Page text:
This is a follow-up on the blog post that I just did this morning on Karim Rashid. You never know where something will take you. My post this morning was sort of like a brain dump of a lot of things I had culminating in my head for a very long time and it was so great to get them out of there. That is precious real estate space that is now available to creating new and exciting things.
I also posted a blog not that long ago about being able to create what you want through the words that you say. Today, I have felt that come eerily true.
I was humming and hawing about what the best use of my time was today. Do I attend a design conference or do I stay home and work on my portfolio? I even talked it over with Phil. My conclusion was that you – generally speaking – don’t create much of anything by sitting at home by yourself. There’s no opportunity for synchronicity or a random chance encounter falling from the sky.
As I sat through a couple of rather boring discussions on products and who makes what better and things that just weren’t that inspiring, I was holding out for a discussion aptly titled “Future Cities: Designing Apartments for an Overcrowded World.” If you read the article that I posted this morning, you’ll know that one of the ideas that has been stewing in my head and that came to the forefront listening to Karim Rashid yesterday is the idea of living in small spaces. The speakers were Yolande Barnes from Savills UK and Chris Boulton from Yoo. As I was listening to them discuss the topic at hand, I thought “Finally, some interesting people with interesting ideas and thoughts.”
They discussed the idea of microapartments and how to deal with mass urbanization. Vancouver even got a mention in the microapartment department. Did you know that it is projected that 70% of people will be living in cities by 2050, which translates to about 6.3 billion people? Young people are moving to the city for work. Emptynesters are moving for enjoyment. Even families are opting for a culture-filled, city life. So where are all these people going to live and how do we make it affordable? I can’t say there is a 3 (or 5 or 10) step approach that will solve the problem. And yet, we’re having the discussion and there are creative minds looking at this from different angles.
I love city living. There’s little need for a car and less time spent commuting (assuming you work in the city – unlike Phil). The grocery store is always convenient. In London and Vancouver, there are lots of green spaces. I understand why there is this movement towards urbanization.
Here are some of the interesting microhousing developments that have been built:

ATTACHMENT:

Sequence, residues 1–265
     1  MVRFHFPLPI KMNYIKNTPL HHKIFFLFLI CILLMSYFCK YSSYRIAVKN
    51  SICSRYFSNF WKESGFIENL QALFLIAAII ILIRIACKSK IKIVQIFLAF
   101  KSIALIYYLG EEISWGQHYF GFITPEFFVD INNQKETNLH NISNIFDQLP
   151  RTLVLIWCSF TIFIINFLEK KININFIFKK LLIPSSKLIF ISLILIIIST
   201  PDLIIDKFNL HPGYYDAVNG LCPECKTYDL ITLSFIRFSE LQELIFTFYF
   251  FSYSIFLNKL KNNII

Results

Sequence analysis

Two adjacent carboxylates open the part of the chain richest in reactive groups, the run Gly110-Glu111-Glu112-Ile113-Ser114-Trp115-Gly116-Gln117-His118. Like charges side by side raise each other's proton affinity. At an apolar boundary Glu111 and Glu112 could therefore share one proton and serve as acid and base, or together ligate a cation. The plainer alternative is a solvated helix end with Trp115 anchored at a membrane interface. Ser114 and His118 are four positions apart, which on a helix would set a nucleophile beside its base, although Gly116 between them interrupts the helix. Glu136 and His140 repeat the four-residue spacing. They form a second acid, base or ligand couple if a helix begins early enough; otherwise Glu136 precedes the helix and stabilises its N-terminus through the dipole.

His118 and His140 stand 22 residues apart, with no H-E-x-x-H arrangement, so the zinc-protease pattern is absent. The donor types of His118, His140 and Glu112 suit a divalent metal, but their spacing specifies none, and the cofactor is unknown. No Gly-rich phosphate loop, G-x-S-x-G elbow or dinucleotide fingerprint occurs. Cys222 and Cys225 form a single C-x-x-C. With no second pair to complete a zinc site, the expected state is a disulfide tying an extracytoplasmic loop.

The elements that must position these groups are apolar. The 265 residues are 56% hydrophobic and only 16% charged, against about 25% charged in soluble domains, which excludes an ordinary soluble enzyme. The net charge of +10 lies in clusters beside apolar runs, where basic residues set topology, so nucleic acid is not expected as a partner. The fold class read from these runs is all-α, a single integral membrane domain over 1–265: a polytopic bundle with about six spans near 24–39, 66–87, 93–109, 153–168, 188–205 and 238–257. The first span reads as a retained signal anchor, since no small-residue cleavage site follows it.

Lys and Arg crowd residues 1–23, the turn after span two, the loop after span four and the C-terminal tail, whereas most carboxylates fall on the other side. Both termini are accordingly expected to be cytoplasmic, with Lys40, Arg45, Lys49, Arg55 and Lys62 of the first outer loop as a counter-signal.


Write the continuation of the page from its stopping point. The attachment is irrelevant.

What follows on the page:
(image via Nido)
(image via Yo! Homes)
This whole discussion aligned so amazingly with what I had already been considering about the world of design. How do we do better, live smaller to live bigger, design more beautifully and do so with a lesser environmental footprint? I felt compelled at the end of the presentation to have a conversation with Chris from Yoo, since I felt so aligned with the talk he had just given and the projects his company was creating. I swallowed my self doubt and anxiety and checked my plethora of reasons of why I shouldn’t do this. It turns out he is a very genuinely nice, approachable guy. He gave me his card and said he would introduce me to the two guys in charge of hiring. I gracefully thanked him, while on the inside, I was screaming with excitement. I decided I had accomplished what I set out to do for the day and headed out, but not before bumping into Chris going into the loo. I think that means something. Not sure what, but definitely something.
When I got home, I entered the URL for Yoo. This is where I start to do a little dance and jump around the room. It turns out I met the CEO for the design firm started by Phillipe Starck and they do amazing projects all over the world. Okay, design nerds – you know what I’m talking about. Phillipe Starck is one of the biggest names in the industry – as a product designer and architect. He’s designed Steve Jobs yacht, hotels all over the world, iconic furniture pieces and the list goes on. He was the first French man to be invited to speak at TED alongside Richard Branson and Bill Clinton. I love TED!
You never know where a conversation will lead you. I am definitely glad I left the house today though. And I’m glad I actually knew nothing about the speakers, because it gave me the chance to judge them based on what they were saying rather than the prestige of their companies. Does it mean that I have a job there? Not necessarily, but you can guarantee I will do everything in my power and will let whatever is meant to happen, happen.